If you know a parent of a child with special needs, especially new parents with a baby with special needs, do whatever you can to GET THOSE PARENTS OUT OF THE HOUSE on a date! I am sincerely appealing to all readers who do not have a child with special needs of their own, but know someone who does. If you have ever had the thought, "Wow, they have it tough, wish I could do something for them." This blog is for you.
Going back in time to when Lilli was a baby, people always asked what they could do to help us. We would ask for prayer, but that was about it. Pride is a powerful thing, and so is chronically sleep-deprived paranoia. Here would have been my list of needs if I had the guts/maturity/honesty/clarity to verbalize it back then:
- Prayer (always the most important, it really is better than anything)
- Money to pay bills – as in, mega hospital bills, endless co-pays to specialists, extra "special needs" costs on top of the cost to have a baby
- Someone to bring random dinners over for us
- Gift cards, because they are designated for places. Giving a person cash and saying "Use it to do something for yourself" means they will use it to pay medical bills.
- Someone to watch my child for free so we could go on a date.
- Oh, and a gift card to the restaurant FOR the date. I'm serious.
I must say that God indeed blessed us with friends and family who did all of these things for us. Even strangers, who sent us cards telling us they were praying for us and cash to use for "whatever we needed." I still have those cards. When I look back on those first few years, I can't believe we even made it through. Now that we have two other children who do NOT have special needs, I can tell you from experience that having them was cake compared to Lilli. A joy. Unbelievable surprise at how much easier it was, to have a "typical" baby.
All of Lilli's life, Jasen and I struggled with how hard it was to leave her, even just for a few hours to go on a date. How can I explain? She had seizures, choked on everything she ate and drank for years, needed medicine, slept in our bed because of her seizures. She has gone through terrible phases. Tripping and falling every few minutes. Eating rocks and mulch. Licking and biting everything, and I mean everything in sight. We still feed her. I won't even go into potty details. And she has absolutely no sense of danger.
So how do you hire a babysitter in this situation? We had to depend on family and friends who offered.
When we moved here to South Carolina 2 years ago, we started going to NewSpring church in Greenville, because they offer childcare for kids with special needs. Yes. That was the reason we went. Another blog someday will be about our experience with church with a kid with special needs.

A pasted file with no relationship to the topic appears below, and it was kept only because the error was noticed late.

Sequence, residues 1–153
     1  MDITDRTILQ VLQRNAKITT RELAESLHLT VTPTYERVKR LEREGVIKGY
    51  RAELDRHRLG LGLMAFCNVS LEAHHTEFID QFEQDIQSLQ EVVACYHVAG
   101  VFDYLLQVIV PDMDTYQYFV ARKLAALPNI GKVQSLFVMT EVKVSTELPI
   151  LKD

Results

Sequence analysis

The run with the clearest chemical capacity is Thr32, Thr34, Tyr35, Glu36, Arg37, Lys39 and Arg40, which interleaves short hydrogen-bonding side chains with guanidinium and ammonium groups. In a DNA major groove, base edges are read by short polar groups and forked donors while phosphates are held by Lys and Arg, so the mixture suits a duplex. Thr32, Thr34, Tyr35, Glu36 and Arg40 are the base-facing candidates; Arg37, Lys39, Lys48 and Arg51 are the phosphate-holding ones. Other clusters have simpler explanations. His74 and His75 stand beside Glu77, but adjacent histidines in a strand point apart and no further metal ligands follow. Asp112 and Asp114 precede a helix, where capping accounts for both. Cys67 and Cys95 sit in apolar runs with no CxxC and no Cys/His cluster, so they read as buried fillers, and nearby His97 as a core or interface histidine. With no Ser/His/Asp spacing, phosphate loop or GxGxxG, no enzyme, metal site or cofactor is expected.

One of the volunteers in the special needs class came up to Jasen one day and said that God had put it on her heart to offer to watch Lilli - and our other kids – so we could go out on a date. Jasen kept it a surprise from me. She showed up with her husband and a friend, and the three of them watched the kids for just a couple hours on a Saturday afternoon so we could go out to lunch. That meant the world to us.
This past spring, our lives were completely changed in several ways. One, we finally got a pulse oximeter to hook Lilli up to when she sleeps so we can monitor her for seizures. (Up til now we have had to watch her 24/7, and she sleeps with us.) Two, we qualified for home health nursing care for Lilli, 15 hours a week. Think of all the families who have kids like Lilli who do not have this help. As a result of these hours of having a professional nurse care for Lilli in our home, I can go grocery shopping, run errands, drive Chloe to school without having to take Lilli with me, and my husband and I can go on a DATE. We can actually go out and not worry about her, because if she had a seizure the nurse would know exactly what to do. Of course, we still have to hire a babysitter to watch the other two kids. AND we have to pay them. So when we go out, we have two babysitters at the house. But that's amazingly awesome for us. I do not know what the "statistics say" specifically about marriages that fail because of the strain of having a child with special needs. I have heard 75%, even 80%. Honestly, I don't want to know. It's depressing. But I can tell you from personal experience that I can understand why. It is the reason I am writing about this. So, think of a couple who has a baby with special needs, and help them get out of the house for a date. You won't believe how much you are helping their marriage.